Judge asks lawyers to approach the bench and stares at Eddi. Judge puts on white noise sound and both lawyers talk to judge

    Judge: Mr. Haskell, you are dismissed. You can leave now. Looks at Eddi as if shes ready to throw a contempt citation against him.

  • bambinoitaliano

    The moment I get summon to serve as jury the first thing I ask what would Trump do? :P!

  • Brad Clark

    I had grand jury duty in Queens several years ago. It was a month long and horrible.

  • Doug Blanchard

    I was on a federal grand jury in Manhattan 20 years ago. Be prepared for a month of service from 9AM to 4PM.
    My job at the time paid badly and really sucked (retail), so for me, grand jury service was interesting rewarding work at the time, and the pay was about the same.

  • Robert Adams

    My fear has always been being judged by 12 people who lack the smarts to get out of jury duty.

  • Dirty Harry

    Jury summons story

    Yeah, I got 1 and in waiting room. Then got called into judges chambers for a capital murder case.

    Perspective jurors are being interviewed by judge, prosecutor & defendants legal team for over an hour. Then my name was called. Interview was strange. Judge focuses on clothing I’m wearing.

    Judge asks question about jacket, is that Gore-Tex? Answered yes. Then Judge rubs my shirt & asks what is it? Answered custom made Egyptian cotton. Then prosecutor asks question about waist belt. Answered alligator belt, not fake. Then judge asks about pants. Answered Canali Milano Italy slacks. Then both judge & prosecutor stare at shoes. Answered custom made lizard shoes.

  • Lars De

    Do a bunch of “Open Thread” topics! That keeps us running for hours and hours!

  • Tipsy

    I’ve been called to serve on a jury twice. The first time (back in Canada) I was only 17 years old and thus ineligible to serve. The second time I wasn’t even a US citizen, just in the US on a work visa. Both times I was instantly excused, but still had to go through the process.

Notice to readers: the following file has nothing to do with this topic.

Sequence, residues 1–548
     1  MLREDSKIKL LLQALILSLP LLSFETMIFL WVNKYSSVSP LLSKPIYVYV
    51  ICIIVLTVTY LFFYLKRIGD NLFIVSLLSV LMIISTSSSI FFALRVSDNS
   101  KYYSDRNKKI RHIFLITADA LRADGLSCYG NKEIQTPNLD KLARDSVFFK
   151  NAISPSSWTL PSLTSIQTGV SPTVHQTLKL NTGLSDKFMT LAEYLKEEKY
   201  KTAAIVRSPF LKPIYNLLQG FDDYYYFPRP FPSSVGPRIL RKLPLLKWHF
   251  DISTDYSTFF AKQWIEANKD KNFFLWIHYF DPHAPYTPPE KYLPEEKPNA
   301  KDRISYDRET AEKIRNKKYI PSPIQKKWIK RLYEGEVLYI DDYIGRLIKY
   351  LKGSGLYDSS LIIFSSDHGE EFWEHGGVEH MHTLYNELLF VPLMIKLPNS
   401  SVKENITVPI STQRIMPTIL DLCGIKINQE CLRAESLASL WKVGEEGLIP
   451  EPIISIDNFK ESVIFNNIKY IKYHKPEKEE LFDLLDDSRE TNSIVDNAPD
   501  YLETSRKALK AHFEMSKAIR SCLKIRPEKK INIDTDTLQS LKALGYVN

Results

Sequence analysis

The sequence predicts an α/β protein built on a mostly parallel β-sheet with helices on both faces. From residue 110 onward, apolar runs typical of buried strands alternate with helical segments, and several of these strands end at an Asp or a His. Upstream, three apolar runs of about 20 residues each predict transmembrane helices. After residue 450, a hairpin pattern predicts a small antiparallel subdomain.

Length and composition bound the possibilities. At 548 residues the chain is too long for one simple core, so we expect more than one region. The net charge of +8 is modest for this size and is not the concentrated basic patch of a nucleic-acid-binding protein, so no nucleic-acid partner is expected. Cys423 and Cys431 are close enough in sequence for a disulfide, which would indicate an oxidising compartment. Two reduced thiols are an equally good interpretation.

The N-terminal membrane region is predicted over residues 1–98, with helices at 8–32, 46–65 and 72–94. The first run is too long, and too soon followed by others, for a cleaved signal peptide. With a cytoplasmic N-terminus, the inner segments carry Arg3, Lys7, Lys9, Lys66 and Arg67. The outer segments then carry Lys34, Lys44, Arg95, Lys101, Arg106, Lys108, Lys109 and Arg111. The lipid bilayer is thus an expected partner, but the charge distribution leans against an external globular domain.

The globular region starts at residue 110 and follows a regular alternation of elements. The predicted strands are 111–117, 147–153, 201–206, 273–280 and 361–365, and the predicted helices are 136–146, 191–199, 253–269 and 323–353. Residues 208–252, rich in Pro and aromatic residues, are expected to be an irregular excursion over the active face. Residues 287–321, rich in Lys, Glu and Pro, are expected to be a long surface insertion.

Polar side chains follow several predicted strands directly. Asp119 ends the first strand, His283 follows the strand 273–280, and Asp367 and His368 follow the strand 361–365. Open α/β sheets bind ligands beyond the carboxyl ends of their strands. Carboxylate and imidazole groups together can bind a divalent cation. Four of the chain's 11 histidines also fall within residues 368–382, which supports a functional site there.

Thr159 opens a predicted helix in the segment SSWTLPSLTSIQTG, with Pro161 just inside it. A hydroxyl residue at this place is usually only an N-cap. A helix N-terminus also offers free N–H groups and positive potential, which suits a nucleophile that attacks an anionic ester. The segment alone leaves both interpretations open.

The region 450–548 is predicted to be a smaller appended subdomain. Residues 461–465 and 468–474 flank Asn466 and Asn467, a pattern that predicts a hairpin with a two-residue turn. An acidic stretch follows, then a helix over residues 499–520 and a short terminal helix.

• MikeInLAS

    My husband and I were summoned and seated next to each other for a Las Vegas trial. During jury selection, the judge asked him what his wife did which he promptly corrected to “husband” and explained my career, not pointing me out specifically. The judge then asked me during my questioning the same to which I corrected “husband” and said “he’s already stated to the court his occupation…he’s seated next to me.” We were both selected to sit on an attempted murder case.

    The judge noted that in his 30 years he had never known of spouses to be seated together and certainly never a same sex married couple. We were advised not to discuss the case at home which we didn’t.

    During deliberations we were on opposite sides of guilty/innocent but both changed our minds to the other side upon considering the evidence. The case was hung…not just by us BTW.

    After the trial the prosecution met with us and noted they had selected us assuming we would vote as a block. They were wrong.

  • MonochromeMouse

    bring up “jury nullification”, judges hate that and will often dismiss jurors who understand what it means

  • mjcc1987

    3rd floor, south bathroom, 4th stall – Outstanding service….. assuming you have some down time………..

  • Oikos

    Was called for Jury duty.

    Defendant was accused of using stolen checks to make purchases and then returning items for cash.

    Defense Attorney : The defendant will not be testifying on his own behalf. Would this be an issue for you as a juror